Padma Rekha Jirge

Padma Rekha Jirge

Sushrut Assisted Conception Clinic and Research Centre, India

Title: Latent genital tuberculosis adversely affects ovarian reserve in infertile women


Padma Rekha Jirge, MRCOG (UK), FICOG trained as Clinical Research Fellow at Assisted Conception Unit, Royal Infirmary, Glasgow. She is the Scientific Director of Sushrut Assisted Conception Clinic – a reputed private tertiary referral centre for infertility in Kolhapur, India. The centre is recognized for training Gynaecologists in the field of assisted reproduction by Indian College of Obstetrics and Gynaecology. She has 7 publications in international journals; serves as a reviewer for the Journal of Human Reproductive Sciences and is part of a Special Interest Group for Indian Society for Assisted Reproduction, to devise clinical guidelines for infertility management in India.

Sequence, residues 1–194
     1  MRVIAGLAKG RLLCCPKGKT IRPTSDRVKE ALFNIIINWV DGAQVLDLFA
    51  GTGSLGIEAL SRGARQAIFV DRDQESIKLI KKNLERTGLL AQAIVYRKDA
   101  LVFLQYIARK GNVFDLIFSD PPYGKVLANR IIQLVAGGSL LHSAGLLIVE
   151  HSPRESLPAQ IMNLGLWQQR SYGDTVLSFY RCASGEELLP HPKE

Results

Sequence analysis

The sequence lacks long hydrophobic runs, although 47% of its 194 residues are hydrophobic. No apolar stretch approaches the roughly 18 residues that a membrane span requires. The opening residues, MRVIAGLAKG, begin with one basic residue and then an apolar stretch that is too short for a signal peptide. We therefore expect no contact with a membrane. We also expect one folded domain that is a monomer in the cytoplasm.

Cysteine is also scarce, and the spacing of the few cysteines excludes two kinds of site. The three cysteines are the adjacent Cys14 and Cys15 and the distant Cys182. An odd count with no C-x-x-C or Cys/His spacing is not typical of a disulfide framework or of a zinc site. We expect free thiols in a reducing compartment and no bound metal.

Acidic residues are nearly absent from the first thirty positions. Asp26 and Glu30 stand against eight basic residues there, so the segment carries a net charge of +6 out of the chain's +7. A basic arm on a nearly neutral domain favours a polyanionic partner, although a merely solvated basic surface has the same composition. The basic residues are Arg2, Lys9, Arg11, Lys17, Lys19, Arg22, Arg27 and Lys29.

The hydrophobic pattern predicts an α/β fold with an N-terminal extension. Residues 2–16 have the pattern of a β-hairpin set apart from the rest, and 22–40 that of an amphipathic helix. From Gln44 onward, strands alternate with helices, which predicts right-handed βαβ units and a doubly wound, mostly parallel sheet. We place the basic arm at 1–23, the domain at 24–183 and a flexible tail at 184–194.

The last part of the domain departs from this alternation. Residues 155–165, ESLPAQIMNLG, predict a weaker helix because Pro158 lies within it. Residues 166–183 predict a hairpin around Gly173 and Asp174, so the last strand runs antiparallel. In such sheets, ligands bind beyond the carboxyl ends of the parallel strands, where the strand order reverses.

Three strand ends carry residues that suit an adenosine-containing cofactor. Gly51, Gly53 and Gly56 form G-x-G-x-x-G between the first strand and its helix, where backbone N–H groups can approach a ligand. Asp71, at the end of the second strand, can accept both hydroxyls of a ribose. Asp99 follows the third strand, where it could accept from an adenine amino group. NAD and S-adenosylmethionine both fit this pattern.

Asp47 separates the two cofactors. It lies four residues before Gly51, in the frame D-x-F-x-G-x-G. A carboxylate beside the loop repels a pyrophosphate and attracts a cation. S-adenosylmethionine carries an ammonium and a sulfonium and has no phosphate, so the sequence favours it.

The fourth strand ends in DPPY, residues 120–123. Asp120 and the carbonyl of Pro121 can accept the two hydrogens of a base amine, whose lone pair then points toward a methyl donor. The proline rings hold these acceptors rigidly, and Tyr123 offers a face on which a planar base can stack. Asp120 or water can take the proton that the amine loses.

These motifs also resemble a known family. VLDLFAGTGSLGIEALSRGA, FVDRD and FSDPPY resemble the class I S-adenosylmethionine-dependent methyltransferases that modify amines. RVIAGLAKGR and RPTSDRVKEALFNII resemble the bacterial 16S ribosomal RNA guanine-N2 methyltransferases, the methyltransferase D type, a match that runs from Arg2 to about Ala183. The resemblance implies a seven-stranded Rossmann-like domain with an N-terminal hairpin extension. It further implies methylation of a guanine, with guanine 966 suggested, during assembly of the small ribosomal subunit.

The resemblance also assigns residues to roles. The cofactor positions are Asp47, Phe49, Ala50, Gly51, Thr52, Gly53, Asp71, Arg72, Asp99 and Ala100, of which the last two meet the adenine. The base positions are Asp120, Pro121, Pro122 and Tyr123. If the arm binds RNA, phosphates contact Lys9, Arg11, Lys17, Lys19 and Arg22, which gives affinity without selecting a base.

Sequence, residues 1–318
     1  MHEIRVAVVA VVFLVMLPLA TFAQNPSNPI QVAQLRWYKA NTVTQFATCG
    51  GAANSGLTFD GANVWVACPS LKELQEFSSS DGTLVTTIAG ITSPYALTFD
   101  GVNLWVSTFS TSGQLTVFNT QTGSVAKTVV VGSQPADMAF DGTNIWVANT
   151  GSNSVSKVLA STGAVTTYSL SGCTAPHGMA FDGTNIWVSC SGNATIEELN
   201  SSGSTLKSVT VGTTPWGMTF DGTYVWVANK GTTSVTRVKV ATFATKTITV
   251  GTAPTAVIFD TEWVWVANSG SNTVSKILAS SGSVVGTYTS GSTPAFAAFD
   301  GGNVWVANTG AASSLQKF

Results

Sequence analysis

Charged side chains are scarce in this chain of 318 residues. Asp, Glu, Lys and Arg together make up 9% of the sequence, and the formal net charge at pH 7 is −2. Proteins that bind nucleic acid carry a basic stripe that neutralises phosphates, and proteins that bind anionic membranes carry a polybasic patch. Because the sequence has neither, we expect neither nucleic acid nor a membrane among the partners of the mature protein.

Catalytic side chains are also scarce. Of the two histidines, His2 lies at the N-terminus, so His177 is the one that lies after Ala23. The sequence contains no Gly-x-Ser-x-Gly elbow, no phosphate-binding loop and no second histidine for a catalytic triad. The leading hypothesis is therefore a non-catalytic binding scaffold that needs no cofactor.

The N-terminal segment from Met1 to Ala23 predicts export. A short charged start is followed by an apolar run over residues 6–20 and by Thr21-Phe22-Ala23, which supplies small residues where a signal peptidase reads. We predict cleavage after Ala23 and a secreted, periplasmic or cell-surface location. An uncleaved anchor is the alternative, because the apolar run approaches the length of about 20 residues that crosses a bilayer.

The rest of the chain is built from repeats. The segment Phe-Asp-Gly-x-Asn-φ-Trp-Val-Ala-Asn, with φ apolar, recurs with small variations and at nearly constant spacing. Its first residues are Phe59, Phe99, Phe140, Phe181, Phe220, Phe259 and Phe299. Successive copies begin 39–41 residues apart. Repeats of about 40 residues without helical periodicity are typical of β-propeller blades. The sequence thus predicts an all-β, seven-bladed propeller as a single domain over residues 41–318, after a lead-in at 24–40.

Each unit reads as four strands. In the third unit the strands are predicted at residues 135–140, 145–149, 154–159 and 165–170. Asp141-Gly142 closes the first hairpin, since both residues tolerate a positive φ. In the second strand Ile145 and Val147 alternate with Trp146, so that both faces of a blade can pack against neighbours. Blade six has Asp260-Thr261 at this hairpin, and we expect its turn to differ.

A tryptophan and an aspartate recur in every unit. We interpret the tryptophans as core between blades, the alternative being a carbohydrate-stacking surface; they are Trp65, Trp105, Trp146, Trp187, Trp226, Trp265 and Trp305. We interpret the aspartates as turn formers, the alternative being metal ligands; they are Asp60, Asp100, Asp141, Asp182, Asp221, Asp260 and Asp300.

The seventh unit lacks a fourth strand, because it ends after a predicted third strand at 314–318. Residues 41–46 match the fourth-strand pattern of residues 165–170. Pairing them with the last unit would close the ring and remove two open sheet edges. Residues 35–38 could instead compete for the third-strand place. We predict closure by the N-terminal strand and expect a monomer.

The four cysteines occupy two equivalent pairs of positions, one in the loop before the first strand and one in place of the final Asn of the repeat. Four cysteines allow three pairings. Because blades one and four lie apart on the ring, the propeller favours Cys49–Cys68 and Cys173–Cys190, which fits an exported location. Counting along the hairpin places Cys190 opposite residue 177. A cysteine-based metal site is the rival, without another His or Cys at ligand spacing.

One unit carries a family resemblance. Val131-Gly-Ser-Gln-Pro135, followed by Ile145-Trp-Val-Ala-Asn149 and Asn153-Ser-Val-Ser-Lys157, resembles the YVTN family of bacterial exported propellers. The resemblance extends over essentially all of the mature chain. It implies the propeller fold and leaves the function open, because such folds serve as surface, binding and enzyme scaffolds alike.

There is increasing evidence indicating to the presence of genital tuberculosis in its latent form in up to 30% women with infertility. Current evidence shows that its presence is detrimental to fertility and its treatment improves the clinical outcomes of various fertility treatments including IVF. The detection rate is extremely low with the conventional diagnostic modalities such as histopathology and microscopy and culture. Using immunohistochemistry and DNA PCR to identify mycobacterium tuberculosis in a large group of women with a diagnosis of unexplained infertility, endometrial sampling shows the presence of MTB in one-third of the women investigated. It is noted that Indian women undergoing IVF for infertility tend to be poor responders at an earlier age than their Western counterparts. An evaluation of the available data in nearly 800 women shows a strong correlation between latent genital tuberculosis and reduced ovarian reserve as noted by a low AMH level. Possible molecular mechanisms involved are being evaluated.